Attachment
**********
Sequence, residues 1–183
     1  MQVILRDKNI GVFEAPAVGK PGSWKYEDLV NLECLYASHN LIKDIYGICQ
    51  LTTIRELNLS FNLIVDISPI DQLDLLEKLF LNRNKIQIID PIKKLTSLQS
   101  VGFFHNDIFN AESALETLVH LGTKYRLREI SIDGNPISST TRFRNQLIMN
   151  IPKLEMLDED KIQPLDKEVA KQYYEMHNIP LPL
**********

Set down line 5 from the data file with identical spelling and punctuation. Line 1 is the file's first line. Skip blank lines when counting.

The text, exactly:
   151  IPKLEMLDED KIQPLDKEVA KQYYEMHNIP LPL